Young G’z: Angel Haze

What drives an artist to bear their heart and soul for an audience with whom they share no tangible connection? For some, the emotional release makes their vulnerability worth it. More simply seek power and adoration. But the greatest creators among us are driven by a desire to change the world by sharing their personal truth with whoever may seek it.

Raykeea Wilson, the wiry Detroit native whom music mavens know as Angel Haze, is currently experiencing the creative high that comes with putting your soul on display and having the world accept it unconditionally. Following the powerful response she received to her “Cleaning Out My Closet (Freestyle) [see below],” which explicitly detailed her experience as a victim of sexual abuse, she is now certain of the power of her creativity. The only question is what she will do with it.

“The most important thing to me with my music is to help the people who I feel need it,” explains Angel when asked what drives her creative energy. Her goal came to fruition after her debut project “Reservation” dropped online this summer, leading to a deal with Universal Republic Records and a rapidly growing buzz. “People will come to me often and say, “Thank you, Angel. This made a really big difference in my life,” she says, still sounding slightly bewildered by her power.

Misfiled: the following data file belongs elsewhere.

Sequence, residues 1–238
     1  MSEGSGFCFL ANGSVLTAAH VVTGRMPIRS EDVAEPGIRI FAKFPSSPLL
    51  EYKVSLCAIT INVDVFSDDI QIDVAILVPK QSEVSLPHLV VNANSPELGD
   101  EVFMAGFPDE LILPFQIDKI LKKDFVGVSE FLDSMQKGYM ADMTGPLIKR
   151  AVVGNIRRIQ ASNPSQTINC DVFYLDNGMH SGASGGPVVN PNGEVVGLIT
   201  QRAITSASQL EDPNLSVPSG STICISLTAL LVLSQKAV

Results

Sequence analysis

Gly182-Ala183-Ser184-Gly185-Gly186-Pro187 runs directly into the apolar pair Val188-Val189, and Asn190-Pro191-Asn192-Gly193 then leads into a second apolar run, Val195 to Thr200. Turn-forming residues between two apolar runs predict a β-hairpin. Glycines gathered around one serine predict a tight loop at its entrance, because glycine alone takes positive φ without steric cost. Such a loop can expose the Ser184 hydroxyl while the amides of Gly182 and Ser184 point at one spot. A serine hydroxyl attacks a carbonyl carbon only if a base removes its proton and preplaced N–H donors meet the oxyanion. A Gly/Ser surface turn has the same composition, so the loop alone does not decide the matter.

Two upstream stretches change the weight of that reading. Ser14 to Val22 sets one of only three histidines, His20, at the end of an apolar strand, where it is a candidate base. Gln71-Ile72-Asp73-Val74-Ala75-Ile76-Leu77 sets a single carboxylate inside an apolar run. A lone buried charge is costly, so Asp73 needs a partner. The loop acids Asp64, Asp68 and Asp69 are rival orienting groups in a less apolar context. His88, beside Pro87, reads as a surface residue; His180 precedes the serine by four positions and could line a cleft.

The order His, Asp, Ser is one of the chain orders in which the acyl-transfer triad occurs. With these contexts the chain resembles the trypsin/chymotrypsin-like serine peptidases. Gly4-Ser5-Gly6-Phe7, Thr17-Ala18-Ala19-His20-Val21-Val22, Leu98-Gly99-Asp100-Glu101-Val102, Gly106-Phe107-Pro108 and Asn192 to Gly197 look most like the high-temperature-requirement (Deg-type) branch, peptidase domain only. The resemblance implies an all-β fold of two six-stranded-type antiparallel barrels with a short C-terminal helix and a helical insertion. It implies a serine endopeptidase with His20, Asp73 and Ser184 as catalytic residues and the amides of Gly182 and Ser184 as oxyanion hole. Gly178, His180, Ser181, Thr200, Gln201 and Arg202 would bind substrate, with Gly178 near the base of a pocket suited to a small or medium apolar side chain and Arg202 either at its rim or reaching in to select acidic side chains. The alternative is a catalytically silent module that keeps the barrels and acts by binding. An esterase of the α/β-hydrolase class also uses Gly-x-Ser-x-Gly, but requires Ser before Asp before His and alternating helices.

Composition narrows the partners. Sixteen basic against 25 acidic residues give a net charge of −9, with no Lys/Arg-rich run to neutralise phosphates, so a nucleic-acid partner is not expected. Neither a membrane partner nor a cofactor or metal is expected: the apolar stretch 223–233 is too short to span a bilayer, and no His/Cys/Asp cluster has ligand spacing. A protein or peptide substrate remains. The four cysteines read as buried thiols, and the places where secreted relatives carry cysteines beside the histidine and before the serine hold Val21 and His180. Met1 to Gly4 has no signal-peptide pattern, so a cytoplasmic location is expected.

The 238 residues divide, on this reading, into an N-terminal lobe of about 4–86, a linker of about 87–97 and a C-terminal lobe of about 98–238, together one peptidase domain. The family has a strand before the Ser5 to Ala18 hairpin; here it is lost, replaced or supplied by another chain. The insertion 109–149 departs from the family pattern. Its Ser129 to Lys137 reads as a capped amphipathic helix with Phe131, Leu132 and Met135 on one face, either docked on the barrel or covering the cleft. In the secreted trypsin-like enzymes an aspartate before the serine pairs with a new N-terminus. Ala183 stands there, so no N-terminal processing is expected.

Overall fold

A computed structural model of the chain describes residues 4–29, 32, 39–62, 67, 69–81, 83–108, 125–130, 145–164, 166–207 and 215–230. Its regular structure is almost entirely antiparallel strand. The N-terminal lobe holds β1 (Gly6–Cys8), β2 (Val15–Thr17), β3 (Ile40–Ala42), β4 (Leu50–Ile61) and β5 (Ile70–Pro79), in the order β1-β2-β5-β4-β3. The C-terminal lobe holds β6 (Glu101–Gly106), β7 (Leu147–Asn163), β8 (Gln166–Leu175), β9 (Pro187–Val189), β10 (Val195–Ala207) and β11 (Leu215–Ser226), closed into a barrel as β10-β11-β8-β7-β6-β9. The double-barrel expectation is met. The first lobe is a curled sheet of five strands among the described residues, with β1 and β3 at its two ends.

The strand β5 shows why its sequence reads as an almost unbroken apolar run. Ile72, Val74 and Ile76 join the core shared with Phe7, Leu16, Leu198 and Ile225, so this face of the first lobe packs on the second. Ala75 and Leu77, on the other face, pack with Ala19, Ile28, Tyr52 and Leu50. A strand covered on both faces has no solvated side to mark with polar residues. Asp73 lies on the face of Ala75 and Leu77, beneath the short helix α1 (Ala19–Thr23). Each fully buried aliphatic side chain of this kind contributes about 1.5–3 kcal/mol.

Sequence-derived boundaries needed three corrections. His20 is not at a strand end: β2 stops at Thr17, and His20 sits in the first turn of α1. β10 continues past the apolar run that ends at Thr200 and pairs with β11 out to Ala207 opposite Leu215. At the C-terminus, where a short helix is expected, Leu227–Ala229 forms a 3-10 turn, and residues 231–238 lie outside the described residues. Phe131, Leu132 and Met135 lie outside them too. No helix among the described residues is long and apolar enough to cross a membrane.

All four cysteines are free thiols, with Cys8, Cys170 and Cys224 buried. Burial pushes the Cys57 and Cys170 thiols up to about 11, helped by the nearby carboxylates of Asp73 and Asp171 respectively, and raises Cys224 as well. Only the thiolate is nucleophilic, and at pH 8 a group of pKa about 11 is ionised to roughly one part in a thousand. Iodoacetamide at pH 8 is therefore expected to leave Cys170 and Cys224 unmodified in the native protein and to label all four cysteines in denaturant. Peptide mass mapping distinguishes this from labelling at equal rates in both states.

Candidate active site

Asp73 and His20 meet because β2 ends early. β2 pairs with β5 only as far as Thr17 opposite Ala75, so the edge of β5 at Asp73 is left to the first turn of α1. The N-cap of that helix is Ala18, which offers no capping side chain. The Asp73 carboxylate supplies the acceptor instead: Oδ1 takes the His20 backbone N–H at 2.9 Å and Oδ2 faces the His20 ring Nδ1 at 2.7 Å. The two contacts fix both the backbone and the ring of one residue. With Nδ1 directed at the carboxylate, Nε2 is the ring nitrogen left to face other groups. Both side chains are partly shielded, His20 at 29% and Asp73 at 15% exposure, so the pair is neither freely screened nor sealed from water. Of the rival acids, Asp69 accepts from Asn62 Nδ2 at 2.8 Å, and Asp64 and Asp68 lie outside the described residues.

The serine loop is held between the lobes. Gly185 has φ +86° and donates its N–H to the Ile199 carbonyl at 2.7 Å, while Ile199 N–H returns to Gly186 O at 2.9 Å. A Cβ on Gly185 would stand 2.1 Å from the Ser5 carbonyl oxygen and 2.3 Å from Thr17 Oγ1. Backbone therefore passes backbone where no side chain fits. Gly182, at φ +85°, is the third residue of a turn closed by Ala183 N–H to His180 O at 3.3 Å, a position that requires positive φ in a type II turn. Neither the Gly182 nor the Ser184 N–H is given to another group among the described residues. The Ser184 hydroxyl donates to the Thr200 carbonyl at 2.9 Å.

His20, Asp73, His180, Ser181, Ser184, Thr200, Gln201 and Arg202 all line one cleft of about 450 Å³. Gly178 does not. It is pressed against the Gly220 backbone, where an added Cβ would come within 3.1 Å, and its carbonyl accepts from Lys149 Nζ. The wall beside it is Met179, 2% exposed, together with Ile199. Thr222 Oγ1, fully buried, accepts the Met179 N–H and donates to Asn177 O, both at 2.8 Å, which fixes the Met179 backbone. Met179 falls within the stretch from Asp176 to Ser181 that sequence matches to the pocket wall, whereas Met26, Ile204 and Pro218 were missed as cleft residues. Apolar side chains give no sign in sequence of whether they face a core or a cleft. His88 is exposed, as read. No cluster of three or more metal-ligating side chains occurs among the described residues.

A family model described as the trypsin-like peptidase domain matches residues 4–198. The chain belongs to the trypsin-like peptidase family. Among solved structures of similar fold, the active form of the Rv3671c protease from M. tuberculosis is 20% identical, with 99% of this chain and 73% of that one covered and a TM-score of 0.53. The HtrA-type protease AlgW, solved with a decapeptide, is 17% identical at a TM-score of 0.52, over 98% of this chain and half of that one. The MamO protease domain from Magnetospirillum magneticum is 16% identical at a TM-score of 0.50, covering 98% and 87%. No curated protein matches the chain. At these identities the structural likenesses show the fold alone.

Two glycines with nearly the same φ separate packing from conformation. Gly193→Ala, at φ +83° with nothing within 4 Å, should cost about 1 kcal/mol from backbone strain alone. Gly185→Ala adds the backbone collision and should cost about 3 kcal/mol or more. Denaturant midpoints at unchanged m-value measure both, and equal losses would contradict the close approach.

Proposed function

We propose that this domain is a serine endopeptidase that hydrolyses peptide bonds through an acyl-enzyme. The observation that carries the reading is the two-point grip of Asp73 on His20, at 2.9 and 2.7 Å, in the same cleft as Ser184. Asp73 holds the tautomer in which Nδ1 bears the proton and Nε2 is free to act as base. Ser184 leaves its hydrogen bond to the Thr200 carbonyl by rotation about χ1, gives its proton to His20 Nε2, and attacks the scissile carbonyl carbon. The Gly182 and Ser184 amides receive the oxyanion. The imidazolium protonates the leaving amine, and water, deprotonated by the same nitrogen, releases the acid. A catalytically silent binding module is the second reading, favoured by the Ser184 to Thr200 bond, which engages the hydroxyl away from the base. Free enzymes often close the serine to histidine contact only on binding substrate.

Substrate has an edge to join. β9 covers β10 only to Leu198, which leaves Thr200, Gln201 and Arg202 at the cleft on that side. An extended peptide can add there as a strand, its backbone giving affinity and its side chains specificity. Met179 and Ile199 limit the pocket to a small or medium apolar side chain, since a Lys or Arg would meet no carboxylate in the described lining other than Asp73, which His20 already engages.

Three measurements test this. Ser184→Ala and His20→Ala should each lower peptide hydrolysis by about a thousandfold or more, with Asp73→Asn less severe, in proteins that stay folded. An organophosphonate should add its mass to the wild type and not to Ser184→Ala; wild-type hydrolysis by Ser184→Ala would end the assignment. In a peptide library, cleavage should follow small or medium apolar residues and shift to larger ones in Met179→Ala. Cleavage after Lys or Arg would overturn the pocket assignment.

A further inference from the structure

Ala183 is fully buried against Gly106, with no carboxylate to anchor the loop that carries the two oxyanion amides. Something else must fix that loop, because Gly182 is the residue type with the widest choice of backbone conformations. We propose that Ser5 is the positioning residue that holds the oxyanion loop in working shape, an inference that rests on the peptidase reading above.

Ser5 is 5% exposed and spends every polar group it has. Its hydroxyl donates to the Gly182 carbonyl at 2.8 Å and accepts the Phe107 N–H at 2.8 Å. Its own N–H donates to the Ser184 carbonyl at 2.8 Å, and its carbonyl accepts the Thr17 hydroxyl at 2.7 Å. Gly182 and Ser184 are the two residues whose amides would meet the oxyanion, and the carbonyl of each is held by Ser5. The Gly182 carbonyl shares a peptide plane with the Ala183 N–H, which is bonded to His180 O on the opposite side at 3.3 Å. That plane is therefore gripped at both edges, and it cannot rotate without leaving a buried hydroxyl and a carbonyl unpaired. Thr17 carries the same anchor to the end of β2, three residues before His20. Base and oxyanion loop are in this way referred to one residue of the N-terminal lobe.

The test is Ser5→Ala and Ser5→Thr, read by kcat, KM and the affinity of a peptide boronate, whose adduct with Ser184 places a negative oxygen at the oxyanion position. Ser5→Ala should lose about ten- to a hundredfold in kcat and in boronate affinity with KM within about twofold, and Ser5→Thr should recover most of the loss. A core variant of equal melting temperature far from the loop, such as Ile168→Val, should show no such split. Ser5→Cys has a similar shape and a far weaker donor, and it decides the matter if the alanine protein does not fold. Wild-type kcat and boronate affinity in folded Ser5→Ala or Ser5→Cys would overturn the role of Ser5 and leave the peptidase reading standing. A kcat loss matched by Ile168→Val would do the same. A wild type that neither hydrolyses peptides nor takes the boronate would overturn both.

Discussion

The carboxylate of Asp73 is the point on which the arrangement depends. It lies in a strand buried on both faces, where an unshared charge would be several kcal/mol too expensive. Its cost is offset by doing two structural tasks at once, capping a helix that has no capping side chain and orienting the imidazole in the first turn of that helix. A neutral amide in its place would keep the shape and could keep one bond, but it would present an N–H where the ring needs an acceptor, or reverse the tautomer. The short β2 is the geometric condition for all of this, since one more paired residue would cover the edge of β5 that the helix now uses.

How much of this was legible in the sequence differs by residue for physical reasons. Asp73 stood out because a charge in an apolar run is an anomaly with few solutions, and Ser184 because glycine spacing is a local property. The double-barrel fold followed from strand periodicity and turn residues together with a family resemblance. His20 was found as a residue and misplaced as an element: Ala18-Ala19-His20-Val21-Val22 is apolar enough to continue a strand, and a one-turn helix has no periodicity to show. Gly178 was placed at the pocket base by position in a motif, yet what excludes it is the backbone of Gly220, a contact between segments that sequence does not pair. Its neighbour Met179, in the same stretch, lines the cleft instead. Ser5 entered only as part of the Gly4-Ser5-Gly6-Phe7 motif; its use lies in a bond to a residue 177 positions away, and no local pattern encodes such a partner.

“It was easy after I put myself out there,” she explains of her evolution from sheltered child to electric writer and performer. “For me it was breaking the mold within myself. Not being afraid to come out of my shell, not being afraid to tell what is my story. Just letting myself go.”

The more she let’s go, the more the music world appears to grasp her unique brilliance. With her official debut album Critical due to drop in 2013, Angel is currently focused on taking every aspect of her art to the next level. From her live show (which will be on display throughout Europe this month) to her music (which she vows will be a sonic step up from Reservation) Angel is just getting started leaving her mark on the art world.

Below, Mechanical Dummy speaks to creator Angel Haze about her early influences, mastering the technique of emotional expression and why she doesn’t see herself rapping for more than seven years.

Words by G. King
Photo via Angel Haze Music


Mechanical Dummy: Who are you and what do you create?

Angel Haze: I’m Angel Haze and I make music.

MD: What were you exposed to as a kid that sparked your creativity?

AH: As a kid I was actually not exposed to music because I kind of grew up in the cult situation where I was not allowed to listen to music. When I turned 16, I actually was allowed to and I started listening to Kanye West and rock bands like Train and Coldplay and all that stuff. It was pretty weird how I came into knowing I wanted to become a rapper. I actually originally wanted to be a travelling poet and I met a guy in high school who said, “You know what? It would be really cool if you turned it into rap.” And he kind of taught me the basics of the story of myself and it was all about mastering the craft.